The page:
With $28 of cash money, and 165 stamps (gained from $1,650 in purchases over about four months), I sought redemption and, after only a little bit of confusion with all the math that had to be done at the cash register, achieved it.

Back home, I proudly inserted my new knives into the appropriate slots of my new knife block, where they sat for a week before one was required to cut an onion, at which point I nicked one of my fingers.

That led me back to the Lowes Community for some Band-Aids. After that, I decided I may hold off on using the Chinese cleaver — at least until Lowes adds a community emergency room.

Vick to speak at event honoring NC athletes; thousands express outrage with the choice

vickTens of thousands are expressing their outrage online over the selection of Michael Vick as the main speaker at an “Evening of Champions” event in Raleigh.

The event, held to honor local athletes, is scheduled for Feb. 12.

Officials with the Greater Raleigh Chamber of Commerce, which is sponsoring the event, say they’re reviewing the complaints that have flooded in online about the appearance of the quarterback, who was convicted and served time in connection with his dogfighting operation.

But they say they have no plans to disinvite Vick.

“There is a group of folks, who are very unhappy with Mr. Vick for a variety of reasons — and they are passionate about it,” said Harvey Schmitt, president and CEO of the chamber.

But, he added, “Mr. Vick has an interesting story to tell. It is one of an attempt for his personal redemption.” Schmitt also stressed the event isn’t about honoring Vick, but spotlighting local sports stars. “The recognition is not for Mr. Vick,” he said.

The announcement of the event on the chamber’s Facebook page has drawn more than 1,000 comments, almost all of them negative.

“If you want a few Champions to speak to your little group, how about inviting the people who had to rescue and rehabilitate the dogs that survived their experience with Michael Vick? Or lets hear from the people that had to deal with the bodies of the ones that did NOT survive Michael Vick? THOSE are the true champions,” wrote a woman who identified herself as Sandra Melvin.

A group organizing a protest at the event has seen 1,600 sign up to attend, according to its Facebook page.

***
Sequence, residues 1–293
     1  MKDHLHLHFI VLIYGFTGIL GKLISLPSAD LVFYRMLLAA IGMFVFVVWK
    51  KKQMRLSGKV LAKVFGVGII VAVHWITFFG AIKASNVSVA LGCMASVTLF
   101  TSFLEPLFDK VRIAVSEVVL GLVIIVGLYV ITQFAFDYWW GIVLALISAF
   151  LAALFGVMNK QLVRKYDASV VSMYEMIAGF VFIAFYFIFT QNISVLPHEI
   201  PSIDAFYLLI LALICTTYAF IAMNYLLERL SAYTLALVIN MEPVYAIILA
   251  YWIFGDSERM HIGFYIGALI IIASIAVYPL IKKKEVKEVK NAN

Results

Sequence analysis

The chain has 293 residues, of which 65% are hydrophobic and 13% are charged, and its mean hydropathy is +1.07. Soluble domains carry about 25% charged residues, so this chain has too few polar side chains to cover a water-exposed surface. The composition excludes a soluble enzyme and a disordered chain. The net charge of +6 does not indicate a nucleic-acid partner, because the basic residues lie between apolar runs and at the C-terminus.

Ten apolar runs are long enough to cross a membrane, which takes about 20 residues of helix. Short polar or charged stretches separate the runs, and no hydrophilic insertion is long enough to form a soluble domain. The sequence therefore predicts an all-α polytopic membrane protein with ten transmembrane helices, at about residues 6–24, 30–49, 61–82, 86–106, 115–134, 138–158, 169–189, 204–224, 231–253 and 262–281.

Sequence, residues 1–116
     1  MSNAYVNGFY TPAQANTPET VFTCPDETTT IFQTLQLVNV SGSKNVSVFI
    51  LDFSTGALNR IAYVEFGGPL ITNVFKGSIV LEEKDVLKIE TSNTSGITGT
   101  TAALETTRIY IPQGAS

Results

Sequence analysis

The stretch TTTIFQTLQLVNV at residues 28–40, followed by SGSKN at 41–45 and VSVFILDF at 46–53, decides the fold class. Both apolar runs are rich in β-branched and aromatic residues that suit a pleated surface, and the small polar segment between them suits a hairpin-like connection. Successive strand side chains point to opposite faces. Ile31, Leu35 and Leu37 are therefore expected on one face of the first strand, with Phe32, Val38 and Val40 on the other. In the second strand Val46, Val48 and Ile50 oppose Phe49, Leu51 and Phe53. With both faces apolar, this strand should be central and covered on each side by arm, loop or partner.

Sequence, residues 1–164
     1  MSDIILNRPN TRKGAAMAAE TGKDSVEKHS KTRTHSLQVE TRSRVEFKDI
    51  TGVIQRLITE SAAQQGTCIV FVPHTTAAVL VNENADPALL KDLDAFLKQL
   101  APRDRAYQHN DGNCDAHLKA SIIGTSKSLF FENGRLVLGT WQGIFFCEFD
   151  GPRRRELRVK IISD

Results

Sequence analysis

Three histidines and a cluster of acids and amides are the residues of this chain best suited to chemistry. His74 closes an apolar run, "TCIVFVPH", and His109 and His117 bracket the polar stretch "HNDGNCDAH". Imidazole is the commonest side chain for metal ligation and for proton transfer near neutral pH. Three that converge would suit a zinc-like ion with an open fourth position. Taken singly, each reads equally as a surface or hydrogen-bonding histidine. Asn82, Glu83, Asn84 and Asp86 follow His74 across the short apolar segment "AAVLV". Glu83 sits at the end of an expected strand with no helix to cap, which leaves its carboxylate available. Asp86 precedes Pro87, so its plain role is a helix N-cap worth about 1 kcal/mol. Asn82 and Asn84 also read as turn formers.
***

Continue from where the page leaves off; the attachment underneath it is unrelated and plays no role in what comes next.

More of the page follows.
Meanwhile, a petition demanding the chamber remove Vick from the program has been signed by nearly 70,000 people on the website Change.org.

Organizers say the event is an opportunity to “learn the real story about his incredible NFL career, his meteoric rise from poverty to riches and fame, his downfall, and his improbable comeback.”

The program is being held at PNC Arena, with tickets running as much as $75 each.

Chamber officials declined to say how much Vick is getting paid for the appearance, according to WNCN, which first broke the story.

Vick,  currently a free agent, played for the Atlanta Falcons at the time of his arrest and, after his prison sentence, was hired by the Philadelphia Eagles.

Padding Michael Vick, and his bank account

Michael Vick’s first post-prison endorsement contract — with a company called Unequal Technologies — appears to already be paying dividends, both for the quarterback and the company.

Vick, in exchange for a piece of the company,  is now shilling for Unequal, which makes protective padding for athletes, designed to help prevent injuries among those who take part in contact sports — dogfighting, of course, not included.

For Vick, who once raked in $7 million a year in endorsements, the contract puts him back on the lucrative path of touting products for pay — and, though it’s not quite on level of Nike and Coke, it’s another step, as he sees it, to redeeming his image, left tarnished by a dogfighting scandal and prison term. He also reveals, in this interview, that he has a “V 7” shoe and clothing line in the works.

For Unequal Technologies, teaming up with the Philadelphia Eagles quarterback meant an immediate burst of publicity and a huge surge in sales. Chief Executive Rob Vito said within a day of Vick’s signing, there were 10 million hits on Unequal Technologies website. “The sales went up 1,000% when Mike came on board,” he said, adding that they are still about triple what they were a year ago.

The company declined to disclose the terms of the agreement, but both Vito and Vick, in this interview with the Wall Street Journal, say the quarterback was given a share in the company, as opposed to a flat fee.

In the wide-ranging interview, Vick seems to contradict himself several times. He says he doesn’t read newspaper accounts about himself,  then says he reads them before games because their negativity motivates him. He says he’s not a Christian, but that his connection with God is “uncanny”.

He says he wouldn’t change anything about his life, except maybe shortening his prison sentence, from 18 months to five months. His dogfighting conviction and imprisonment, he says, led to an opportunity to read, and work on improving himself.

“Because I handled it so well, I think that’s why the Lord is continuing to bless me,” he says.

Read more »

Michael Vick’s former house sits empty

I’m not sure why I wanted to visit 1915 Moonlight Road – maybe for the same reason people visit Nazi death camps, Ground Zero and other scenes of slaughter.

Maybe it’s in part to pay respects to those who died and suffered, in part to remind ourselves of how evil man can be – that whole business about keeping history fresh enough in our minds that we don’t allow the mistakes of the past to be repeated.

Maybe (last maybe, I promise) that’s also why you still find Michael Vick stories on ohmidog! and elsewhere – not so much because we want to keep punishing a man who has paid what the courts decided was his debt, but because we think the public, and public officials, need to keep it fresh in their heads, and do all in their power to wipe out the ongoing scourge of dogfighting.